Should You Believe Every Word in an Infomercial? Essay Example
Should You Believe Every Word in an Infomercial?
Infomercials are not typically rooted strictly in fact. It is no surprise that the main goal is to sell a product, and any information or education offered is secondary. In actuality, while infomercials have the supposed purpose of informing or educating the viewer, this is almost always pretense; the facts presented are often scarce if present at all and biased positive opinions about the products take the main stage. There have long been major concerns from both consumers and the Federal Trade Commission alike that infomercials routinely participate in deceptive marketing tactics. The FTC is a government agency primarily focused on protecting consumers from a variety of transactional-related concerns, including deceptive marketing and illegal trade practices.
When infomercials first gained popularity in the late 1980s and early 1990s, there was less awareness about deceptive marketing tactics they might use and few laws and regulations to keep them in check. One major concern of the FTC in this era was that viewers of infomercials would mistakenly assume the demonstrations presented were accurate portrayals of how the product would perform in the consumer’s home (Lewis 853). In reality, such demonstrations are pre-determined to work out, given the best possible conditions, and do not represent accurately how well a product will work for the average consumer. Another major concern the FTC had at the onset of infomercial popularity was the presence of paid endorsements, often by trusted celebrities. Celebrity endorsements, or even the endorsements of unknown paid actors in the infomercial, can be mistakenly viewed by the consumer as objective and real-time experiences (Lewis 853-854). In reality, these endorsements are written by the company selling the product, not by the individual claiming to have had an organic experience with the product.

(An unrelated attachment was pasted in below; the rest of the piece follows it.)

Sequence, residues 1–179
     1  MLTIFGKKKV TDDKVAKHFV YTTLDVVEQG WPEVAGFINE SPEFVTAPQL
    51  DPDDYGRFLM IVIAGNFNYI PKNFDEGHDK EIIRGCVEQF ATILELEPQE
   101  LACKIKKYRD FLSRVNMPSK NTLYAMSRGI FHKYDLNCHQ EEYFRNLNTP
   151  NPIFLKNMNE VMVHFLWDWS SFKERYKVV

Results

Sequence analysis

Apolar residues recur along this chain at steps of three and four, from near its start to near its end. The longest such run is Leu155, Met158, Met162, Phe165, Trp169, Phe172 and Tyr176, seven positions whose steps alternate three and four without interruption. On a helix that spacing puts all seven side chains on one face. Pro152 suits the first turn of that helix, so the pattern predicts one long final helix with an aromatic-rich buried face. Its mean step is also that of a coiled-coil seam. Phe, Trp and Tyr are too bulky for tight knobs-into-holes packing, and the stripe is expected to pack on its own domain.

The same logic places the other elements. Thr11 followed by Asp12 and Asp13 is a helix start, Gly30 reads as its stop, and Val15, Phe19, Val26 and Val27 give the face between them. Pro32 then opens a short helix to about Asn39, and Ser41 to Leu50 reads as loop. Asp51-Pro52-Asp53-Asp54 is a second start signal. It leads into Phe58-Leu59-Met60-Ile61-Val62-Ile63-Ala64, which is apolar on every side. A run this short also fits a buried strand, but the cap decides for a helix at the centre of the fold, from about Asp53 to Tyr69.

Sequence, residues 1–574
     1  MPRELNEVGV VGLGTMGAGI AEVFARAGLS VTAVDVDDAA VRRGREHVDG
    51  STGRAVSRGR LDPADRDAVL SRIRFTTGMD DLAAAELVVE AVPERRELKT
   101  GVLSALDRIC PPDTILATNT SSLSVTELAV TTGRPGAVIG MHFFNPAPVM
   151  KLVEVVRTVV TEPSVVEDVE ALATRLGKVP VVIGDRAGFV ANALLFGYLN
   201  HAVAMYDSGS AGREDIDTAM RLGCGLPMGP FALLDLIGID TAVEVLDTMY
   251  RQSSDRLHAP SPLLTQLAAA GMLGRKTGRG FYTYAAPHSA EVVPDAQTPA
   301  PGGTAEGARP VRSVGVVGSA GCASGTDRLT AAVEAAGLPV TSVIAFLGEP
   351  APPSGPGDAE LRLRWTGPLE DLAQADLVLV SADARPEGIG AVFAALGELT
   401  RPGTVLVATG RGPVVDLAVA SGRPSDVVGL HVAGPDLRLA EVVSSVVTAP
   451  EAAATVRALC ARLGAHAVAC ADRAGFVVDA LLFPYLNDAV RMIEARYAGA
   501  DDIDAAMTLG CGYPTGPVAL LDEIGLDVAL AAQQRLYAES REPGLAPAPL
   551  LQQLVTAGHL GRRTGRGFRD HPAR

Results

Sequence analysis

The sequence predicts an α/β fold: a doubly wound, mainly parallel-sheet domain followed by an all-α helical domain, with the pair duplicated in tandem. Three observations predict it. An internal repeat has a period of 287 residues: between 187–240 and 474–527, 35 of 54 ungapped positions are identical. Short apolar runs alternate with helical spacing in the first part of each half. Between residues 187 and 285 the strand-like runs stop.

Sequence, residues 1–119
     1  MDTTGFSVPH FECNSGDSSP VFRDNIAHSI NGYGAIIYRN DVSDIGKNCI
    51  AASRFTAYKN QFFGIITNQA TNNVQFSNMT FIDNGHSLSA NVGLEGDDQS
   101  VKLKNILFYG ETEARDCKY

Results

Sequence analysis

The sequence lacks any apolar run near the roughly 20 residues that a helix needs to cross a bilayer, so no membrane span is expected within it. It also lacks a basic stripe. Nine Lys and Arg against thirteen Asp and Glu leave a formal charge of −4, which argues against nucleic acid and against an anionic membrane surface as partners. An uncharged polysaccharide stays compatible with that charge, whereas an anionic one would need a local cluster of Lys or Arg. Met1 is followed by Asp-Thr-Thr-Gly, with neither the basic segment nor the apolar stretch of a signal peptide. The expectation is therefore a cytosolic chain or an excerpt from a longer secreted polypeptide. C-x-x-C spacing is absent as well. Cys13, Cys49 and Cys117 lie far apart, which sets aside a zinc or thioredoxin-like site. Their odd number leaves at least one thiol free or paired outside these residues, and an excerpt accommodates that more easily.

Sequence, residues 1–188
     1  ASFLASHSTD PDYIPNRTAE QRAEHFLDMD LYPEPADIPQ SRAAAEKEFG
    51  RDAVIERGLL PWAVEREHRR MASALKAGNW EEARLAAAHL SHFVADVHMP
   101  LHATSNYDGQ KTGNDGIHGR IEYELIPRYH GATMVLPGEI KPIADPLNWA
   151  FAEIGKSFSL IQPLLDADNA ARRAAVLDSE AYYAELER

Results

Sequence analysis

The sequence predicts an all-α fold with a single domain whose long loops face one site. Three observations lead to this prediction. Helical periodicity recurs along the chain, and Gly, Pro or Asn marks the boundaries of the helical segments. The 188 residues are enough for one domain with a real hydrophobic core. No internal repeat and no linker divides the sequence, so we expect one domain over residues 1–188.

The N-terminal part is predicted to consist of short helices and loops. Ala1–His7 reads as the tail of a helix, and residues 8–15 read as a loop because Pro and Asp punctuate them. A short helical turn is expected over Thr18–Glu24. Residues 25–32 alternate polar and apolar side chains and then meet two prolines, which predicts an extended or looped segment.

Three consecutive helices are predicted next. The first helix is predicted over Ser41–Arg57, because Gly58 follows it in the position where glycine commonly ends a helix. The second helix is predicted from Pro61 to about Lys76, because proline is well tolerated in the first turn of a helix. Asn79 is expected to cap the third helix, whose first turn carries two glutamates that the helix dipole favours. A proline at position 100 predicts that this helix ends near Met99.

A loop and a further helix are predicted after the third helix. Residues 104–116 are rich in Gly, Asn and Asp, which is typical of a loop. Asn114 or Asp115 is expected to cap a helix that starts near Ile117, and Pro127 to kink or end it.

Some more modern viewers of infomercials may be more knowledgeable about the deceptive techniques used in infomercial marketing since they have been around for quite some time at this point and have garnered a negative reputation among some consumers. Many people have had an experience, or know someone who has, of purchasing a product to find that the claims in the infomercial were misleading or entirely untrue, that the quality of the product was different than what was purported, or that the product only works under very specific conditions. The more collective experience we have with infomercials and their products, the more general knowledge there is about the dubious nature of their claims.
There are still many consumers, however, that still believe that infomercials are a reputable source of information about the products since they believe that there are protections in place to stop outright deceptive marketing practices. One may assume that if an infomercial was airing untrue claims, they would be caught and shut down by the FTC or other regulatory agencies. Unfortunately, a 2001 study found that this isn’t necessarily the case. From a survey of 350 television stations, it was found that there was no standardized format or regulations in how a station decides if an infomercial is ethical and if they choose to air it (Wicks and Abernethy 46-47). Many stations were found to routinely accept ads that contain misinformation that could even harm consumers, especially when the products are within the health and wellness category (49). The authors suggest more policies be put in place to stop harm to consumers due to misleading and unethical infomercial claims.
Even if an infomercial’s claim is viewed skeptically by consumers, their tactics still work. This is why more regulations should be put in place to protect consumers. Creators of infomercials are willing to deceive consumers and continue to make infomercials that mislead viewers because the sales tactics do work. While the infomercial may make an outrageous claim, many consumers assume that the product still works to some degree, and believe the product can solve their problem (Dimofte and Yalch 295).